So my deaf awareness tip no.3 is: don’t be a parrot. Don’t repeat yourselves endlessly. Saying the same thing louder or more slowly might help if you’re talking to foreigners, but it won’t help with deaf people. As a deaf child, when someone repeated something I didn’t understand, I would get incredibly annoyed. It always felt a bit demeaning, like I was some naughty boy that just wasn’t paying attention the first time around. Worse, it sometimes made me feel like I was trapped until I could work it out.

What WILL help is explaining it in a different way or outlining the context. Describe what you’re trying to say. Worst comes to the worse, write it down. Text it on your mobile. Point. Use visual clues. Express yourself though the medium of Morris-Dancing if you need to. There’s always another way to be understood. But never give up. And don’t be a parrot.

Again, thoughts on today’s and the other deaf awareness tips very welcome – just leave a comment below. The penultimate tip follows tomorrow…

Deaf Awareness Week – tip number two

It’s day two of deaf awareness week and I’m blogging my own personal deaf awareness tips all week long. Here’s my second:

2. Remember, it’s all about context.

I’ve always thought that communicating as a deaf person is a bit like completing a jigsaw. I have hearing aids and when I was younger I had radio aids too. Sure, they helped which is great. But they don’t “cure” my deafness. Making things louder does not help my strange deaf brain “make sense”, process and understand what the noises mean. So I rely on lipreading to help me make sense of stuff. But this isn’t an exact science either (Charlie Swinbourne’s excellent blog explains more about this). So I might also rely on other clues or use my intuition – if I’m at the Asda checkout, I’m guessing that I’m going to be asked about wanting cash-back or a carry bags. If instead I get asked about the football game last night, I’m probably going to look a bit blank (this is true on nearly all other occasions, but anyhow).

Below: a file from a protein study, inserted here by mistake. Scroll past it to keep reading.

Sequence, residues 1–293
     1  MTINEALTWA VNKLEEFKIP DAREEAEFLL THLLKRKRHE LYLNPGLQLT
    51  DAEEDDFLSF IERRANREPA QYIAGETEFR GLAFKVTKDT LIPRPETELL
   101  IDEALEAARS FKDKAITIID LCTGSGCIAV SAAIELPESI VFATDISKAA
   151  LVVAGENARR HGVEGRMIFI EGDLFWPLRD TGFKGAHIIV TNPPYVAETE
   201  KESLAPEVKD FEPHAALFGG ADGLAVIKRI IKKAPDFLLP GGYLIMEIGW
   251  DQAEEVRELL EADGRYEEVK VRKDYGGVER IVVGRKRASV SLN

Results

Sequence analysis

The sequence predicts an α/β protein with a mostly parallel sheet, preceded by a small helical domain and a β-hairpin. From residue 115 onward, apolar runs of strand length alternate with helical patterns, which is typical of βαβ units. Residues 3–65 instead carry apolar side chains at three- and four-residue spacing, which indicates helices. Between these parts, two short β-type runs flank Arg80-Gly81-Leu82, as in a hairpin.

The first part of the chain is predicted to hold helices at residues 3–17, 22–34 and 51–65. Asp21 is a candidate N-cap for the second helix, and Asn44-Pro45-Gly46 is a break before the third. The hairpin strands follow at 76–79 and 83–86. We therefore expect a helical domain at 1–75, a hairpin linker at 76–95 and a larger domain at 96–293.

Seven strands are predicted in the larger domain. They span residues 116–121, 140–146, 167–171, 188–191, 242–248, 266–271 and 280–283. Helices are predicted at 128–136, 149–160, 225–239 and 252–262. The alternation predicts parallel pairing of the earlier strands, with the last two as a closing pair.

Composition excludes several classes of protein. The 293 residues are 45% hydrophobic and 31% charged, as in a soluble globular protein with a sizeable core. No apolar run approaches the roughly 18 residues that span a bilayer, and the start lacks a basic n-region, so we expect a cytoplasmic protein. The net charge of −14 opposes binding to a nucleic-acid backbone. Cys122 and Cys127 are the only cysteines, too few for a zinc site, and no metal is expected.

Completing a jigsaw is obviously much easier if you know what the finished product is meant to look like. Or if the individual pieces reveal little clues. It’s the same with me for communication. If I know what you’re talking about in advance, if I’ve got enough clues or if it’s in the right “context”, I can guess or make sense of what you’re going to go on and say, even if I don’t quite catch all the individual words you throw at me.

What does this mean in practice? Well, for example, you could start a conversation by saying what the topic is (“Did you see the TV last night?) rather than launching straight into the detail (“Louis Walsh was an idiot saying yes to that dancing woman on Britain’s Got Talent last night”). If you’re changing the topic or if the topic is alien to the situation, you could, for example, just literally move your hands to gesture you’ve moved on, rather than just immediately segue from asking if I want a cup of tea to the relative merits of the Alternative Vote system. For deaf children, it could mean teachers putting the classroom topic on the whiteboard or literally closing a folder or pile of papers to indicate the end of something and start of something else.

In short, my second deaf awareness tip of the week is: it’s all about context. Make the context clear, and communication will be much easier.

Is this an important deaf awareness tip for you too? Or is there something more important you’re waiting to see? I have three other tips lined up, but leave a comment below to share your ideas and thoughts.